Warren’s Red Possumhaw Holly

Photo: Possumhaw hollies were planted by the developer of Stonebridge Ranch in McKinney 25 years ago. They are beautiful mature plants now.

Photo: Possumhaw hollies were planted by the developer of Stonebridge Ranch in McKinney 25 years ago. They are beautiful mature plants now.


At the risk of wearing you out telling you about my childhood in College Station – back when horned toads roamed the Earth – I’m going to go back there to that fabulous big, old possumhaw holly that grew on the south side of North Avenue. I was a kindergartner when I first saw it, but it sticks in my mind like the first time I saw Mickey Mantle in Yankee Stadium in real life.

Jump ahead 24 years. I’d finished at A&M Consolidated, attended Texas A&M, transferred to Ohio State for my undergraduate degree in floriculture, started a Master’s at Colorado State, got engaged therefore moved back to Ohio State and finished my Master’s, got married, taught in Shelby, Ohio, for two years, moved to Dallas as County Horticulturist and then, in 1972, moved to the Texas A&M Center on Coit Road in Dallas as area horticulturist serving 17 counties.

That was a lot of traveling, and wouldn’t you have thought I’d have learned a lot more about this plant by then. But no. It just didn’t impact me as a great landscaping option until my friend Benny Simpson planted one at the TAMU Dallas Center – basically right outside my window, so I could look at it every day as my “message from Benny.”

His plant seemed a little more special than the ones I’d seen as a kid. Its fruit was larger, and it was a brighter tomato-red. And that plant didn’t establish clumps via rootsprouts like the native one on land we had bought for our future home site outside McKinney had done. This was truly a superior selection. Benny told me it was Warren’s Red from the Warren’s Nursery, apparently closed years earlier, in Oklahoma City.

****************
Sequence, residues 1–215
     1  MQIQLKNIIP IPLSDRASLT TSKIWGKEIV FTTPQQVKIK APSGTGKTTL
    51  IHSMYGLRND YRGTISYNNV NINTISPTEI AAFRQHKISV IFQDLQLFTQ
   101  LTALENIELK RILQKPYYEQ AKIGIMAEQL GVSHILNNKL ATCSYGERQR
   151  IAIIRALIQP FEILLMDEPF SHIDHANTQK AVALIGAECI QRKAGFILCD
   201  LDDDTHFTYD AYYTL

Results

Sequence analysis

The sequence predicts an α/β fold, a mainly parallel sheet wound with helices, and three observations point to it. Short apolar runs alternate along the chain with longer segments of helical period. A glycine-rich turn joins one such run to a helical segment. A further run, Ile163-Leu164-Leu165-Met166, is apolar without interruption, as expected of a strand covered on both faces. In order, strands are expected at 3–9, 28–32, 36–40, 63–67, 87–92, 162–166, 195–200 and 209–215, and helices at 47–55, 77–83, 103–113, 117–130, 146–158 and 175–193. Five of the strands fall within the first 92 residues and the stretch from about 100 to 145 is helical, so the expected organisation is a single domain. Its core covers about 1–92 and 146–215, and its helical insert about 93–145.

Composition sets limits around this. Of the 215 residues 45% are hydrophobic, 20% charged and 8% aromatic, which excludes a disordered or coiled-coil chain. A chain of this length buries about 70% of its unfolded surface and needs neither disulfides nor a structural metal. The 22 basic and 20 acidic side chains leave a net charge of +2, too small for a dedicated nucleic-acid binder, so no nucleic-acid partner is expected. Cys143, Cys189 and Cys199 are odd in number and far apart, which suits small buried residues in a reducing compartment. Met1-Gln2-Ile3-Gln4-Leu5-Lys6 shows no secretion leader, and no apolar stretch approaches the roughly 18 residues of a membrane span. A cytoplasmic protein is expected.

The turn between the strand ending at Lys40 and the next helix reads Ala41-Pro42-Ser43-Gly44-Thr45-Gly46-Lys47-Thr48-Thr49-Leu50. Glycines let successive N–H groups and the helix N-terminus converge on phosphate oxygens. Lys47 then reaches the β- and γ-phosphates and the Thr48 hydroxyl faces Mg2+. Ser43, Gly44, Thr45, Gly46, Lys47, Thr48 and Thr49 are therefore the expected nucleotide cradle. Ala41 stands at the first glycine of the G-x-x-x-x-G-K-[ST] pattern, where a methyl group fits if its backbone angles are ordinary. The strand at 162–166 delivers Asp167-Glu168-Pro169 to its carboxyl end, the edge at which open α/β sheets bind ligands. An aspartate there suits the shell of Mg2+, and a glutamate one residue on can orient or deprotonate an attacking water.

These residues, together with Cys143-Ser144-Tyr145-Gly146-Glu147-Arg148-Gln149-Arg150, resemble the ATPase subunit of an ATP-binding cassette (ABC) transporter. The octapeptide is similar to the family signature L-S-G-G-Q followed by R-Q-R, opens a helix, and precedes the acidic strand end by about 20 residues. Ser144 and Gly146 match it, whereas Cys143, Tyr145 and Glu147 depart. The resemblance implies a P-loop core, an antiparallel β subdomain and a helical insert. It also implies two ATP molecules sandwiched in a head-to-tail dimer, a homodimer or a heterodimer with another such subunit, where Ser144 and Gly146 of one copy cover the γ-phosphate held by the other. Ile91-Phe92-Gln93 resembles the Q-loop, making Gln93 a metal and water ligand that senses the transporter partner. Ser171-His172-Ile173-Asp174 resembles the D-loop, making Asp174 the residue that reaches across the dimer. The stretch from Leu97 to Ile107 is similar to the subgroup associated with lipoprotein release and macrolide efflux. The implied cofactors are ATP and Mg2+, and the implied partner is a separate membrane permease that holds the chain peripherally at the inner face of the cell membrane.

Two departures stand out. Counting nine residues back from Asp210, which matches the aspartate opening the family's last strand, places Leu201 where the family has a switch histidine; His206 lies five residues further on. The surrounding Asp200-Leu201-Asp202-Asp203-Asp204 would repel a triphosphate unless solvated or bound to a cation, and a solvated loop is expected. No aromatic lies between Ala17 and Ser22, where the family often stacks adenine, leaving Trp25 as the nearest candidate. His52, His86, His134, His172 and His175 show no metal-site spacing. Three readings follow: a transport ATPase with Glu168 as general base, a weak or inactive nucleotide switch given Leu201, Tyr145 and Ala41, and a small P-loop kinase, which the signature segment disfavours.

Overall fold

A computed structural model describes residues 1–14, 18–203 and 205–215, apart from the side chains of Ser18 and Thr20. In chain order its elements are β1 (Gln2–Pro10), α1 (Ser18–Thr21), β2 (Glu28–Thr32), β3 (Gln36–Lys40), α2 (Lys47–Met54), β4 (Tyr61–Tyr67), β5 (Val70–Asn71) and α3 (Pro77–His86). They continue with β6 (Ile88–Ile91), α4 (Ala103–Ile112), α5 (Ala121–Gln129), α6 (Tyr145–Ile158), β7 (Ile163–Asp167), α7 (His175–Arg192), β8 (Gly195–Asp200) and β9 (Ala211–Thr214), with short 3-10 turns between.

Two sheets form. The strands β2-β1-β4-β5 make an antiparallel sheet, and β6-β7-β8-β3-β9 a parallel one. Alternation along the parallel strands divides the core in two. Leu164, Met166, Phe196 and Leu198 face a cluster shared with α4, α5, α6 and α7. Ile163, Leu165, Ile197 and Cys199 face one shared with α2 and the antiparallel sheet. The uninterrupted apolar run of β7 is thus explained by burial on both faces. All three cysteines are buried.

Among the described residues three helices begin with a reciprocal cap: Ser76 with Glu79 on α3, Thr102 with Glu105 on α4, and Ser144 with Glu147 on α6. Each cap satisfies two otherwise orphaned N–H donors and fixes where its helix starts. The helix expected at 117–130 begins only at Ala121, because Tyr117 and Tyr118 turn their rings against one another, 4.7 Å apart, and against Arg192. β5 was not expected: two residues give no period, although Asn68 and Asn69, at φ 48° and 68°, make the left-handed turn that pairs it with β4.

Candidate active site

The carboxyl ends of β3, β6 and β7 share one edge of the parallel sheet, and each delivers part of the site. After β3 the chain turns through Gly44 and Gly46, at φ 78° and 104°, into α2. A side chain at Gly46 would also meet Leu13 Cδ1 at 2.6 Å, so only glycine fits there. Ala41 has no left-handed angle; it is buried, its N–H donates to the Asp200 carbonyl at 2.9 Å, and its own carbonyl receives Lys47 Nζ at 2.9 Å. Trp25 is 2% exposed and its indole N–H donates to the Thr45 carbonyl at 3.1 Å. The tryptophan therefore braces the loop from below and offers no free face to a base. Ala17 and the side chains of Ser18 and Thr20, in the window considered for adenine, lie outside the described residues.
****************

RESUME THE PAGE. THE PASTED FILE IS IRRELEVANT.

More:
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Here’s What to Love About Possumhaw Hollies…
• Scientific name (for those who like to remember them): Ilex decidua. Perfect. Even I can see how they came up with that one.
• Mature height and width: 18 ft. tall by 15 ft. wide. (Think of a tree-form crape myrtle.)
• Foliage: Deciduous, dropping in time for the bright red berries to show brilliantly all winter. No spines on the yaupon-like leaves.
• Sun or shade? Yes. Both. You’ll have thicker growth and better berry production in the sun, but like most hollies, it thrives in the shade as well.
• Soil requirements: It needs soil. Most plants do. But it’s not picky about whether they’re sandy or clay, alkaline or acidic. It’s native to a wide range of Texas running from I-35 eastward and from there clear up into the Midwest. That covers a lot of territory.
• Problems: None that I’ve seen in 40 years of watching it closely and growing it attentively. It needs water when it’s dry, but remember it’s native to Texas, so this plant is a born survivor.
• Fertilizer needs: It benefits from a high-nitrogen fertilizer to stimulate growth.
• Any hidden secrets? Yes. This plant sells out quickly, especially when nurseries offer it in its fruiting season. You’re far more likely to find it in a great independent retail garden center in your local area. The big national stores haven’t learned what a gem they’ve been missing.

Posted by Neil Sperry
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